Nebraska carried a six-game winning streak into the Big Ten Championship against Wisconsin, a team the Huskers had already beaten earlier in the season. However, the rematch was about as lopsided as title games get, as the Badgers muscled their way to a 70-31 victory for the right to play in the Rose Bowl.
It was a sobering conclusion to the first-ever Big Ten title game appearance for the Cornhuskers, who had won two straight division titles in the Big 12 before switching conferences in 2011. Still, their 10-win season was good enough to earn a trip to the Capital One Bowl to face Georgia on New Year's Day, although the fifth-ranked Bulldogs claimed a 45-31 victory in that contest to send Nebraska home with back-to-back losses.
OFFENSE: Nebraska has a four-year starter at quarterback in Taylor Martinez, along with some dynamic weapons around him. Martinez made a mechanical adjustment to his throwing motion last year, and that adjustment paid dividends to the tune of a league-best 141.6 efficiency rating to go along with 1,019 yards and 10 touchdowns on the ground.
According to head coach Bo Pelini, the best is yet to come.
"There's still a lot of room for improvement there," Pelini said at Big Ten Media Day. "He's not even close to what his potential is. And I look forward to what he's going to bring to the table this year."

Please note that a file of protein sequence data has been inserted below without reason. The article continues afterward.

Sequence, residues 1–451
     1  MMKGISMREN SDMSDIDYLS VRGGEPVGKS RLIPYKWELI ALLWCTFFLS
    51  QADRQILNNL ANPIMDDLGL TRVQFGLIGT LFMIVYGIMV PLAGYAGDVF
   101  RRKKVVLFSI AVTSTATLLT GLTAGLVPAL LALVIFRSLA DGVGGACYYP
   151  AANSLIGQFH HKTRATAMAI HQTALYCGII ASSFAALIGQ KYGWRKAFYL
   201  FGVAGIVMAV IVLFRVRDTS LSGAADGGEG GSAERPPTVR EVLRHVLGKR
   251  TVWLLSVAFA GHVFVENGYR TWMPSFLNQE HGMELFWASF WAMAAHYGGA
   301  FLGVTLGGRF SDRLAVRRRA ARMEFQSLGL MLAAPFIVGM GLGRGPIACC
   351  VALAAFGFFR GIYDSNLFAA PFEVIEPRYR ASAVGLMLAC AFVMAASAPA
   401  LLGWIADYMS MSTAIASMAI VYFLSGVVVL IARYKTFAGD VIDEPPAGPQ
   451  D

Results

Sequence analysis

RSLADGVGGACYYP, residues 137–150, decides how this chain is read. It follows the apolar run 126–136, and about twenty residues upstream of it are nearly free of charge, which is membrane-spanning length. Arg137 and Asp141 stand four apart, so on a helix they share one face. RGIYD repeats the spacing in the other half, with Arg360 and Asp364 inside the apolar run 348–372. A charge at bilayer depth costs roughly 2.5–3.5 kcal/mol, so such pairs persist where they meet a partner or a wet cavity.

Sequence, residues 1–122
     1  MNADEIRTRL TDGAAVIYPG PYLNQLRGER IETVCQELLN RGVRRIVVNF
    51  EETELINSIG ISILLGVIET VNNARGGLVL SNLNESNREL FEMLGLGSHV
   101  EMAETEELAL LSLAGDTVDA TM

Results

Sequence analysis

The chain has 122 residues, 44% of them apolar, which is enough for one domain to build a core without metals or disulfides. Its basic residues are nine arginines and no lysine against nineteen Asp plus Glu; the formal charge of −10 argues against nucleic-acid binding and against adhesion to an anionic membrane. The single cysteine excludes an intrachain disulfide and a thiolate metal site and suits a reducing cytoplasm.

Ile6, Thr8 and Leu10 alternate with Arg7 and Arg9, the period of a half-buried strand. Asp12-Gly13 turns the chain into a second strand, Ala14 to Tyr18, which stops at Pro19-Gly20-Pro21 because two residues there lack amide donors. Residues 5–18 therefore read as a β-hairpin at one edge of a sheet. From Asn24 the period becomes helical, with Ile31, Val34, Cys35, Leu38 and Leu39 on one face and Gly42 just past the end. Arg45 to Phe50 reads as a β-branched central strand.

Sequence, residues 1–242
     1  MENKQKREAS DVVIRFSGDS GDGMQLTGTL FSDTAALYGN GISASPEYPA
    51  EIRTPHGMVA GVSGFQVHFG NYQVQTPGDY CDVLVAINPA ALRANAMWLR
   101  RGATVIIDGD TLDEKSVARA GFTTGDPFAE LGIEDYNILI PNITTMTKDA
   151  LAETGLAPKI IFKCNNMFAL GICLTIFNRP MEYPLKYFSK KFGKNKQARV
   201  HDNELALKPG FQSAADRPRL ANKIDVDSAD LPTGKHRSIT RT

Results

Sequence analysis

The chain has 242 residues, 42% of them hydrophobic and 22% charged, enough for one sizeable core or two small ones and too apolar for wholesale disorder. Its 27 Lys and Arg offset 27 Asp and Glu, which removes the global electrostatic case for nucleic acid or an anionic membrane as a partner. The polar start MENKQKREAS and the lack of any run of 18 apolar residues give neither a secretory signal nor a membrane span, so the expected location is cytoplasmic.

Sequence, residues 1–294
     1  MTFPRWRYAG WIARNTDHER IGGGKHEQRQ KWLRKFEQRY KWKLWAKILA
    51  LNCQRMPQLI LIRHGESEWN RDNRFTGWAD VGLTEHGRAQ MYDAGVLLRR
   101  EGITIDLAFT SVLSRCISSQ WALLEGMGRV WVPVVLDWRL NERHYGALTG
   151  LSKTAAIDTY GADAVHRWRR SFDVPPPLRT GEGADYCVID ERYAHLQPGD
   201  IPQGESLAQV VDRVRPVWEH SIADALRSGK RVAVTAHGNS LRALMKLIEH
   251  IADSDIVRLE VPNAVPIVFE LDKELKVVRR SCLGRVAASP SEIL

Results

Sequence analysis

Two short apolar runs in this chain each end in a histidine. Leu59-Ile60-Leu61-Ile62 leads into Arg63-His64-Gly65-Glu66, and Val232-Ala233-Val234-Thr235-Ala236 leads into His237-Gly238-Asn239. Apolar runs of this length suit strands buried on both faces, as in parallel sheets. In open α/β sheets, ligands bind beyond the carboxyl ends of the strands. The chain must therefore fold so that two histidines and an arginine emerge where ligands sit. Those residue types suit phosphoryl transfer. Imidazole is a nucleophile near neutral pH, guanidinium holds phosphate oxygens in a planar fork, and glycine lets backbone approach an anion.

Nebraska returns its top two wideouts in Kenny Bell (50 receptions, 863 yards, 8 TDs) and Quincy Enunwa (42 rec, 470 yds, TD). The head coach also talked up his offensive line, which will once again pave the way for I-back Ameer Abdullah (1,137 yards, 5.0 ypc).
"I think we have the opportunity to have probably the best offensive line on paper, potentially, that we've had since I've been here," he said. "Not only the starters but some of the backups and the depth that we have really across the board."
DEFENSE: Nebraska was strong defensively throughout much of the season, although the team gave up a staggering average of 53.5 points in its four losses. Now, the Cornhuskers must replace eight of their top 10 tacklers from that unit, but Pelini is confident the unit can correct the mistakes that led to some of last year's scoring barrages.
"It's nothing magical. It's about getting better. It's about tackling better, executing better," Pelini said. "It's not a scheme thing. At the end of the day you have to execute.
"We've studied it. We've addressed it. Going to continue to work and we need to be better, more consistent than we were last year."
Consistency will be a challenge with such an inexperienced front-seven. Gone are top pass rusher Eric Martin (16.5 TFL) and top cover guy Daimion Stafford (4 INT). In their place step defensive end Jason Ankrah (nine starts) and defensive back Ciante Evans (12 starts).
SPECIAL TEAMS: Nebraska must overhaul its special teams with the loss of kicker/punter Brett Maher. Junior Mauro Bondi will get first crack at both jobs, while some combination of Bell, Abdullah, and Jamal Turner will handle returns duties.
OUTLOOK: Nebraska's reputation over the years as a staunch defensive team is one that is certainly well earned. However, Big Ten opponents such as Ohio State and Wisconsin exposed some warts against last year's squad, and the Huskers are even thinner this year in terms of experience.
That's not always a bad thing, but Nebraska will no doubt enter the 2013 season with several question marks on defense.
One positive from a scheduling standpoint is that opponents OSU and Wisconsin are replaced by Illinois and Purdue. Ultimately, the Huskers will go as far as Martinez and the offense can take them. It's not a lock by any means, but another title game appearance is certainly a possibility.